Market Trends – $15 is The New $12

Tim's Wine Market

by Richard DeAngelis

One of our great frustrations for the past twelve months is finding quality domestic selections in the inexpensive, $10 and under categories. Comparing our sales numbers with the data of several trade journal articles seem to point to the same conclusion; inexpensive wines aren’t selling as well across the country. Upon further review what we found was even more interesting; there seems to be a downward trend on all inexpensive wines, not just chardonnays. US sales statistics* show sales are down on wine priced $10 a bottle and under and the largest category of sales increases is above the $15 per bottle price point. It seems that Americans are drinking better, which helps explain the drop in sales of inexpensive chardonnay.

There are number of factors that are contributing to this phenomenon. The consolidation of large wineries has produced a flood of generic, uninspired grocery store quality wines, like Yellowtail and all the imitators. These wines may be cheap but they offer very little for someone looking for even modest complexity in their glass. Cost of fuel has also caused a dramatic rise in shipping costs, not just for wine but for all the components such as barrels, glass and corks.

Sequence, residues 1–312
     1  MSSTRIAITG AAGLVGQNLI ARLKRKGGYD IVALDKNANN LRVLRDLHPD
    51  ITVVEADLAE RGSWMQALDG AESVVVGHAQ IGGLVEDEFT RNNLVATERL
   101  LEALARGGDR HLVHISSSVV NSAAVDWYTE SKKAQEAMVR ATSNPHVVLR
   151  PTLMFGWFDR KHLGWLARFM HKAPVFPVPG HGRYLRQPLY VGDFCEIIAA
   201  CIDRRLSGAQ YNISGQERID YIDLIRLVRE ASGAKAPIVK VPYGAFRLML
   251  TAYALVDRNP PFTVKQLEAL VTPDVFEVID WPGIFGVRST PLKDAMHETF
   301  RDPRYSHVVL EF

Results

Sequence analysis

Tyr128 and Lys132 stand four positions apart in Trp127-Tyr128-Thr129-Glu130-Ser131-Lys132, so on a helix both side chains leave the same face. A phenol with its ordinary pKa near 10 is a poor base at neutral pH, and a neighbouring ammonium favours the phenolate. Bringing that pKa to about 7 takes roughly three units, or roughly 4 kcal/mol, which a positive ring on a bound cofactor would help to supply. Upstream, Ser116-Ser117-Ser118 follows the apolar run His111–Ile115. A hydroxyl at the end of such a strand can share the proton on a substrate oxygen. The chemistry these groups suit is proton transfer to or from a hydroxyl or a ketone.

These increases impact less expensive wines as every penny counts to hit magic price points. For this reason there are a lot less small wineries interested in turning out inexpensive wines. As consumers have been more willing to spend more, winery owners see they can make less wine, charge more per bottle and net the same amount of income each year. It is also worth noting that the less wine you make the less risk there is to sell all your production without discounting. Finally, there is a lot less “bulk” wine available for producers who bottle inexpensive wines made by someone else but sold off as extra production. As consumers spend more per bottle the wineries that traditionally sold off their poorer quality wines to bulk bottlers are now keeping the wine and selling it themselves.

(*01 19 07, San Francisco Chronicle, AC Nielson ratings)